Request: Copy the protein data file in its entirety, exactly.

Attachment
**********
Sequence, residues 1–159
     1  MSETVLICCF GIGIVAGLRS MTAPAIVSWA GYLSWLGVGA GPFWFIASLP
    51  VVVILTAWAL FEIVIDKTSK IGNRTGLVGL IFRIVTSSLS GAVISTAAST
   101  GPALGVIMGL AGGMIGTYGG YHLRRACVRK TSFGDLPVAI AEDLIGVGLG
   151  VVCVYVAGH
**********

Sequence, residues 1–159
     1  MSETVLICCF GIGIVAGLRS MTAPAIVSWA GYLSWLGVGA GPFWFIASLP
    51  VVVILTAWAL FEIVIDKTSK IGNRTGLVGL IFRIVTSSLS GAVISTAAST
   101  GPALGVIMGL AGGMIGTYGG YHLRRACVRK TSFGDLPVAI AEDLIGVGLG
   151  VVCVYVAGH